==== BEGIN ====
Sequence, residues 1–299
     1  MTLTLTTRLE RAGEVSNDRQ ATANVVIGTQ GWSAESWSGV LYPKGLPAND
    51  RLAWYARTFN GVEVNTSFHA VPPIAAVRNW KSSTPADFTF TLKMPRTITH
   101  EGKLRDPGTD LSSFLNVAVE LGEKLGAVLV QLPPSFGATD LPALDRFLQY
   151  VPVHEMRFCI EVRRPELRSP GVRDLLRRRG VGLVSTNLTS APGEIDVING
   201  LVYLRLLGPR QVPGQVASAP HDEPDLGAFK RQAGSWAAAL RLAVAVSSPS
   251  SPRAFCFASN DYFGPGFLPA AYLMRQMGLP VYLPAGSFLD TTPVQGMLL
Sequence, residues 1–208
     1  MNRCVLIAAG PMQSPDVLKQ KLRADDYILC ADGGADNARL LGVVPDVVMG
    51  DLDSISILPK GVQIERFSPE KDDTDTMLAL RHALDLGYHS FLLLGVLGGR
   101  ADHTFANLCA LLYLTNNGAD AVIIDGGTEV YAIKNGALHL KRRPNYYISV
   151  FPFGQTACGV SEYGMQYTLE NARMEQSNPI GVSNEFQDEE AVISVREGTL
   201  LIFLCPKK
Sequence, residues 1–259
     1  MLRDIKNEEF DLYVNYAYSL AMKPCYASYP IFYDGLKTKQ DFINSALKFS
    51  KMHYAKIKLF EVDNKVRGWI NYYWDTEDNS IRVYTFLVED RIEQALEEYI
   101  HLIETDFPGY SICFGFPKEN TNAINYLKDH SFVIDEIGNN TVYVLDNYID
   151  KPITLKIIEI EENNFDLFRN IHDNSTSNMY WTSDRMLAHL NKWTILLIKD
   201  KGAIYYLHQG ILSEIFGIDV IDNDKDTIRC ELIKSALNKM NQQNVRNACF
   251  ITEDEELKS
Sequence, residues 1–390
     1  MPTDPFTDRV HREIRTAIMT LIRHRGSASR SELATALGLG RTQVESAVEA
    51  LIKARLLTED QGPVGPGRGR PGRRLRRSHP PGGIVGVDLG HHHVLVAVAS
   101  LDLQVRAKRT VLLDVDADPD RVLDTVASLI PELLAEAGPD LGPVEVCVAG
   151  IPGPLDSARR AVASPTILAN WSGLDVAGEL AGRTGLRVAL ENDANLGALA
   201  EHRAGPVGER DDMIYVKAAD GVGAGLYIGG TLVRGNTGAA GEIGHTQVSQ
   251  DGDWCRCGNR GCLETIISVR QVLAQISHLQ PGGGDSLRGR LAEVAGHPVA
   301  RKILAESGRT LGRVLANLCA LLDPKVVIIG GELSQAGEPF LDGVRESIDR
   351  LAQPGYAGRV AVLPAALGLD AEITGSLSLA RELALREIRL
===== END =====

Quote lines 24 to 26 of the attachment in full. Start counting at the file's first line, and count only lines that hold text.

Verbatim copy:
   101  LDLQVRAKRT VLLDVDADPD RVLDTVASLI PELLAEAGPD LGPVEVCVAG
   151  IPGPLDSARR AVASPTILAN WSGLDVAGEL AGRTGLRVAL ENDANLGALA
   201  EHRAGPVGER DDMIYVKAAD GVGAGLYIGG TLVRGNTGAA GEIGHTQVSQ